Seen At 11: ATMs Of The Future To Offer Array Of Services
NEW YORK (CBSNewYork) — Big changes may be coming to a bank near you.
As CBS 2’s Maurice DuBois reported Thursday, ATM upgrades will allow you to do everything from apply for a loan, to planning your retirement.
When Bill Dietzler goes to his local ATM, he can do a whole lot more than just make a deposit or withdrawal.
“I found it to be fascinating. You get more done, and it’s just, it’s simpler,” Dietzler said.
Simpler because if he has a question, he doesn’t have to go see the teller inside the bank. He can actually video-conference with a banking expert who can address all sorts of questions about transactions right at the ATM, even after-hours.
“Now that expert – whether that be a loan consultant or a financial planning consultant – that person can be available across a wide, disperse geography,” explained Frank Natoli, chief innovation officer at Diebold, Inc.
The feature is just one innovation coming to an ATM near you, DuBois reported.
“When you think of an ATM, maybe you think something from like, the 90’s. That sort of experience is something people don’t want anymore, because it seems stale,” said Mary Wisniewski, of American Banker.
Now, banks are branching out and offering a wide variety of tech tools, including ATMs with touch screens that can sync up with your smartphone, and apps that can get you cash in a snap.
The idea is “to be able to take your mobile phone and to pre-stage a transaction on mobile, and then be able to go up to the ATM and very, very quickly finish that transaction,” Natoli explained.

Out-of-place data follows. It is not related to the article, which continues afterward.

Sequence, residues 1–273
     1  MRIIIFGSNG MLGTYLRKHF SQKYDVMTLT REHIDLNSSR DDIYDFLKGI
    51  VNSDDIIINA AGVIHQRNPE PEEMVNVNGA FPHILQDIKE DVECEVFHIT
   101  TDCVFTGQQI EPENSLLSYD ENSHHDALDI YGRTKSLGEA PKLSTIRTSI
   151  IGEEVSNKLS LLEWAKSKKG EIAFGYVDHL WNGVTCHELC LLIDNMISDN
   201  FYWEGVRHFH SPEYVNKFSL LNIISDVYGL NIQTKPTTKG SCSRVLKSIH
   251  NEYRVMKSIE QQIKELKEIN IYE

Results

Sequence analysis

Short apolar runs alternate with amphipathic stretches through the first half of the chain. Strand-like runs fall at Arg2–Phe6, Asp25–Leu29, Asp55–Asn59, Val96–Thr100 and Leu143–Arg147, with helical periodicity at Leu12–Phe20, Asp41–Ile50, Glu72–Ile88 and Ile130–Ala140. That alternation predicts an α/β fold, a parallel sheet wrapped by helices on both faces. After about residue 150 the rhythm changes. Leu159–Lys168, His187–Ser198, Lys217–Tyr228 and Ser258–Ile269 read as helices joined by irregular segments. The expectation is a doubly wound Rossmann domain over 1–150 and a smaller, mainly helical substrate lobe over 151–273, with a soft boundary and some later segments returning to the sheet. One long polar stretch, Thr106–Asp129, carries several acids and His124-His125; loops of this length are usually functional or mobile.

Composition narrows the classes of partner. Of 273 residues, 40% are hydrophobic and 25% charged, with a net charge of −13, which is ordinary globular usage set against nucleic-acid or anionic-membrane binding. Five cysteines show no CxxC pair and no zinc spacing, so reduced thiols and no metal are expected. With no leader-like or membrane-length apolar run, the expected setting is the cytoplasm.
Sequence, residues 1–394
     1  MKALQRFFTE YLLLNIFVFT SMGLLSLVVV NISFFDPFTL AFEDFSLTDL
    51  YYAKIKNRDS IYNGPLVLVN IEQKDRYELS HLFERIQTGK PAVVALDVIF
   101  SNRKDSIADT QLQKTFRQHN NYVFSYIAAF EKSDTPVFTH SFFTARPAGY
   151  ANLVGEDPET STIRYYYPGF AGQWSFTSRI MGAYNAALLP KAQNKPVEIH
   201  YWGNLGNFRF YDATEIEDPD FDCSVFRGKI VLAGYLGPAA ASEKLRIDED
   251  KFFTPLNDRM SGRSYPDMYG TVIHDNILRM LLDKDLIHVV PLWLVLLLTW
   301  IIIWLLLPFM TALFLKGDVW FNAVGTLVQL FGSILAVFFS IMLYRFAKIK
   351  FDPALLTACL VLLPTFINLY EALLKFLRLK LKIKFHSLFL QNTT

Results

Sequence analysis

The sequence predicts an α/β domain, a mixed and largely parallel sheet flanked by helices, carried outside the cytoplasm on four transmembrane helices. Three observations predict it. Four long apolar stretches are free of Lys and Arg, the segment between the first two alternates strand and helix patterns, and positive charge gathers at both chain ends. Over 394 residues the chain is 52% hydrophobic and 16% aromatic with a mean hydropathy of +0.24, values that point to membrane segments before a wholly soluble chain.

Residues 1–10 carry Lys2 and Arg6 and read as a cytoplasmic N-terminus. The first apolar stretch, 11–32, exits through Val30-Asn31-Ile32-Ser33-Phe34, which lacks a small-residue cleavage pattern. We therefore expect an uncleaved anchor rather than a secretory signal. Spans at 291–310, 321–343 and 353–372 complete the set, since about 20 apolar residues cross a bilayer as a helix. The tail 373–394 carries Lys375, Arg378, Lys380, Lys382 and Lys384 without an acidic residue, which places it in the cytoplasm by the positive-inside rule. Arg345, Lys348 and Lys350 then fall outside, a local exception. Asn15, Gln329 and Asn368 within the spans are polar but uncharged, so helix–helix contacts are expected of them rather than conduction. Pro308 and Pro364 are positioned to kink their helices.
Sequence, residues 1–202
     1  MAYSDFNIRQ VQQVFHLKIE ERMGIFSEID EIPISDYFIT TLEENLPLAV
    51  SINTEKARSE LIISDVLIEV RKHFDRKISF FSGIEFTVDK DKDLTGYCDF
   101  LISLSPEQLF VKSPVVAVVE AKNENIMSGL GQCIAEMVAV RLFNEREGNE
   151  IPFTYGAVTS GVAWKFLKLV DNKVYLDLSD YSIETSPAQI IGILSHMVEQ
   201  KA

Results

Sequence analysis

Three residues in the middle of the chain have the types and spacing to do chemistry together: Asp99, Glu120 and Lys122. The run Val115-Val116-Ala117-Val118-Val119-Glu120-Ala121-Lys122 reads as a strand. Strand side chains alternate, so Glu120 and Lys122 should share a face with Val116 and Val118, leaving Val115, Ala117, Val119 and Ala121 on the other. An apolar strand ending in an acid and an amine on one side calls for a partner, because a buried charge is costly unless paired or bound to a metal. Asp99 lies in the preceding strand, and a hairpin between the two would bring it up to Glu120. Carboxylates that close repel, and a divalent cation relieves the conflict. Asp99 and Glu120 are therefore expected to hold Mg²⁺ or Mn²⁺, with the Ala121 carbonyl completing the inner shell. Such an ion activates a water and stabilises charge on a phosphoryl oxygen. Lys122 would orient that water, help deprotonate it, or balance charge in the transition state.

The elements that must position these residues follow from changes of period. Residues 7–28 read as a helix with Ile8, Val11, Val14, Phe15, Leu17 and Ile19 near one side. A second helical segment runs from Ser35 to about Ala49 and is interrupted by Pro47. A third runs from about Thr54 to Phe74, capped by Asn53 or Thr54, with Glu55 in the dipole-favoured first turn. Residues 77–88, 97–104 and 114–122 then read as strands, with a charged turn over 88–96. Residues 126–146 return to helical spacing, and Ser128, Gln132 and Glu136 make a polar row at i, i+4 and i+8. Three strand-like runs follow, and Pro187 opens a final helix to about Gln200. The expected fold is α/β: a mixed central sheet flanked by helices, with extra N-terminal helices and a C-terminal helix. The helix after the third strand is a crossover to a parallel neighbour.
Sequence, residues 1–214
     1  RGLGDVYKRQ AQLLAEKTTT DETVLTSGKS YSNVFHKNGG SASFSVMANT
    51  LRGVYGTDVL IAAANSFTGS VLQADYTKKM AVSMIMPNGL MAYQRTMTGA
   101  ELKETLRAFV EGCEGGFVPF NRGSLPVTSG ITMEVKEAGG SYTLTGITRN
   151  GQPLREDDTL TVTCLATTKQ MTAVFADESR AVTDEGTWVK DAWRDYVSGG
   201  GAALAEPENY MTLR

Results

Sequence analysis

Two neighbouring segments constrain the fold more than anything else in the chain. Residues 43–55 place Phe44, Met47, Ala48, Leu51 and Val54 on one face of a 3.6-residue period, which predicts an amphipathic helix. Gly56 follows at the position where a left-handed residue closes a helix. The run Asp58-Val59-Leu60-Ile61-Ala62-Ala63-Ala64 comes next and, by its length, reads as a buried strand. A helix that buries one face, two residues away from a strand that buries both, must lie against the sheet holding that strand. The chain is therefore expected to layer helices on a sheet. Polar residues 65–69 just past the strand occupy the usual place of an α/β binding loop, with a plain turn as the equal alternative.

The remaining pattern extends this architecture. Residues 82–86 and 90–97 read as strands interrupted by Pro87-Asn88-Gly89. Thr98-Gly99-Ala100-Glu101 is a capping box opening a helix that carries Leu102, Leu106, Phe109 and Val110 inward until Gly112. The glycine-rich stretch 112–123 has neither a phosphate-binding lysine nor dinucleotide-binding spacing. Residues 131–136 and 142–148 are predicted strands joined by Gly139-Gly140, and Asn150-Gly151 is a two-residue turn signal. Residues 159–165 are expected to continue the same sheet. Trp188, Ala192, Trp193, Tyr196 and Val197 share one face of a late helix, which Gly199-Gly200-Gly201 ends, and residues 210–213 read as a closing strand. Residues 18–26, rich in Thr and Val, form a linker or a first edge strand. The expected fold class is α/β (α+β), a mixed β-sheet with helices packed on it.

Banks are also installing tools at ATMs that will enable customers to pay bills, send money to friends, and increase your ATM withdrawal limit.
“You can start to use that now for bill pay. You can start to use it for peer-to-peer transfers, and any number of things,” Natoli said.
So does all of this new technology mean the end to the traditional teller?
Experts said tellers are not going anywhere anytime soon. There are some transactions you still need to complete face-to-face inside a bank.
“It’s really shifting the job of a teller, not eliminating it because they’re still there for customers with questions about their needs and can refer products and services as well,” said Susan Doyle, North Shore Bank’s Vice President of Bank Operations.
You can also forget the traditional 20 and 50 dollar bills. Banks are starting to load ATMs with one, five and 10 dollar bills, another change that might help you avoid standing in line for a teller.
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